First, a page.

By agreeing to use the MAV approach as a reference benchmark, the IAIS has taken some steps towards arguably the most difficult issue to resolve, that of the valuation approach on which to base the ICS. The MAV is conceptually similar to Solvency II and many accounting frameworks, which should allow many IAIGs, particularly in Europe, to leverage their existing financial and regulatory reporting data. However, the IAIS has yet to determine some important components of the MAV basis, in particular the curves used for discounting. Meantime, divergence from Solvency II or accounting approaches will increase the cost and burden to IAIGs of implementing the MAV approach, notwithstanding their existing market-based reporting.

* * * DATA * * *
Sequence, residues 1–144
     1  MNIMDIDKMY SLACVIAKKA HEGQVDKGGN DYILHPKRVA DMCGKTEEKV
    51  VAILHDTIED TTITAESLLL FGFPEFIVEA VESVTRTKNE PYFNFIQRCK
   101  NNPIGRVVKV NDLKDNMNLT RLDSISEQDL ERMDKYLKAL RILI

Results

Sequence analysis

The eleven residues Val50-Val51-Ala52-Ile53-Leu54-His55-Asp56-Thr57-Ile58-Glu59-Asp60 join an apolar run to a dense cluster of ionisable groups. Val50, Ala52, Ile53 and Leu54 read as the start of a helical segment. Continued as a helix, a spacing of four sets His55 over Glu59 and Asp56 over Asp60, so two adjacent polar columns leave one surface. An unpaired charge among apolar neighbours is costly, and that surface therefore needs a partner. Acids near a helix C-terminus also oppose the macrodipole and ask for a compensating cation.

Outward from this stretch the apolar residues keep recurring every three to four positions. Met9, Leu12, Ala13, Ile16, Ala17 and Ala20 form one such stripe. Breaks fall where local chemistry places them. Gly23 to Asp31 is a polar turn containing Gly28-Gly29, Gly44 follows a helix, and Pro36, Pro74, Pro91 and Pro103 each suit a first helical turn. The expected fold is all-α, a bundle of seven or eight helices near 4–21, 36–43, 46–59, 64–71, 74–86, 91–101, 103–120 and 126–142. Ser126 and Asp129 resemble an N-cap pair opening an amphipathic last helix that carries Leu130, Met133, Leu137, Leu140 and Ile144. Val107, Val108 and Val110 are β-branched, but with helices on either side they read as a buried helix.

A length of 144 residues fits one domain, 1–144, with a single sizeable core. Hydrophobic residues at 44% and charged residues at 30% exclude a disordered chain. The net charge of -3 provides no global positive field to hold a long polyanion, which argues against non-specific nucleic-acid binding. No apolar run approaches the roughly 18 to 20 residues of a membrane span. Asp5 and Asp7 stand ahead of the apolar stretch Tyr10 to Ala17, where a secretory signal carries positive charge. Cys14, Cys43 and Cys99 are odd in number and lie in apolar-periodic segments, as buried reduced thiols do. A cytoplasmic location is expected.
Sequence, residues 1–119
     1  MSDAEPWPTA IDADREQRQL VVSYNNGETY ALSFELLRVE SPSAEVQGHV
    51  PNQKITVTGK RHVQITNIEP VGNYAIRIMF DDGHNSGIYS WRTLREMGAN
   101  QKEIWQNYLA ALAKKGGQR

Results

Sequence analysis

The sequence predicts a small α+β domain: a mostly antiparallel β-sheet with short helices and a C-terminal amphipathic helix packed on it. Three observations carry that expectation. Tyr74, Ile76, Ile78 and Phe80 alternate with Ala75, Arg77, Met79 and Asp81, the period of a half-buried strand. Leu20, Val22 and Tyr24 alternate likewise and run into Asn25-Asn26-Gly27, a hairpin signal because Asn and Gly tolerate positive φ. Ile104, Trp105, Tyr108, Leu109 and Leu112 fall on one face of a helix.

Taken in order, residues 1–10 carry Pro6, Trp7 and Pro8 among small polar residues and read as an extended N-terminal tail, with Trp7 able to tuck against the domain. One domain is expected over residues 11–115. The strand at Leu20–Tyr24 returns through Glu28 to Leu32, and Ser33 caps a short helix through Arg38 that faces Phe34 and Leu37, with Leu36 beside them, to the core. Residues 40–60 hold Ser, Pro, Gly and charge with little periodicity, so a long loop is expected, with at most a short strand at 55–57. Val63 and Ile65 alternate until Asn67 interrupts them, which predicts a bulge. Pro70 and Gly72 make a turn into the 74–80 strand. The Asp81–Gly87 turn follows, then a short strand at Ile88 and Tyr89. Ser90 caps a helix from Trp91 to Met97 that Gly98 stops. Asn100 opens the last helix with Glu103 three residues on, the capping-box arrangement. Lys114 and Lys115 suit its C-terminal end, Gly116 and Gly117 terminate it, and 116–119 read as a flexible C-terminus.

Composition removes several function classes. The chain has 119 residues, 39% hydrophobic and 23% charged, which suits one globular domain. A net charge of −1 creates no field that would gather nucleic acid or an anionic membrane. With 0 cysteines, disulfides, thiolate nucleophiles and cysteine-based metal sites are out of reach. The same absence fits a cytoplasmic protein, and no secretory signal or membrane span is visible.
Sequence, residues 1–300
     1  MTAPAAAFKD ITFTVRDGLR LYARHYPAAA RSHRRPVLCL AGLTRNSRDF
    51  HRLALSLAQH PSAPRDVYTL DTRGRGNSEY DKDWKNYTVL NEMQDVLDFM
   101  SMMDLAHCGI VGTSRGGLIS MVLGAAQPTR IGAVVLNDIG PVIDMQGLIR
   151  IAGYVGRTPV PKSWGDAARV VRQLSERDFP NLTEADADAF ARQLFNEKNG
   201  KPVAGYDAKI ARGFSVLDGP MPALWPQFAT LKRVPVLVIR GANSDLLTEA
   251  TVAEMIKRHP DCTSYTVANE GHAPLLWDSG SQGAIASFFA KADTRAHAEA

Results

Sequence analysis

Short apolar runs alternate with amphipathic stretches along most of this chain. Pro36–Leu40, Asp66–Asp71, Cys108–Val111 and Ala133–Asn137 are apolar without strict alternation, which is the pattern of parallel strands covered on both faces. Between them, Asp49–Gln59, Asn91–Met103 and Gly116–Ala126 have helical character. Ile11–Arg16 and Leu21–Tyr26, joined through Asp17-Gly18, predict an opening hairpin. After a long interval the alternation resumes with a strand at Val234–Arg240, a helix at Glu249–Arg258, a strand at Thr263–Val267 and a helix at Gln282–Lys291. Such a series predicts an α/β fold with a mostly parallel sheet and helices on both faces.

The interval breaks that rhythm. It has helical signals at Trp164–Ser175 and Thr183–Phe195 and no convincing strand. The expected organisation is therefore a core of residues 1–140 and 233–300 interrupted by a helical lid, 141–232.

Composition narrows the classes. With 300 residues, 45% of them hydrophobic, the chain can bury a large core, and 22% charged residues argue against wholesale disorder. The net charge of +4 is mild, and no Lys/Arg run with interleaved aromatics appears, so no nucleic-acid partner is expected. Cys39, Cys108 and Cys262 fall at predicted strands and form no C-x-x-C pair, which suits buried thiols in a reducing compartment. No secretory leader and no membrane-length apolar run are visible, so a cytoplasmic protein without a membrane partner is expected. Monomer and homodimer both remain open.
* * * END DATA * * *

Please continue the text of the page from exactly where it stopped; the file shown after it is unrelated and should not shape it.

In addition, the IAIS still needs to grapple with building consensus on alternative and outcomes-equivalent approaches during the monitoring period, which defers rather than answers questions on whether, or how, these approaches will feature in the ICS framework. While variations in approach could lessen regulatory duplication and the implementation burden for firms, to the extent that they are not reconcilable, or an appropriate reflection of national specificities, they risk compromising the comparability of the ICS. At the same time, for those who have generally been opposed to a market consistency-based version of the ICS, there will now be a concern that reporting on the standard ICS basis could become entrenched and even “institutionalised” during the monitoring period as implementation cost and effort are increasingly expended and as supervisors grow increasingly accustomed to receiving the new information.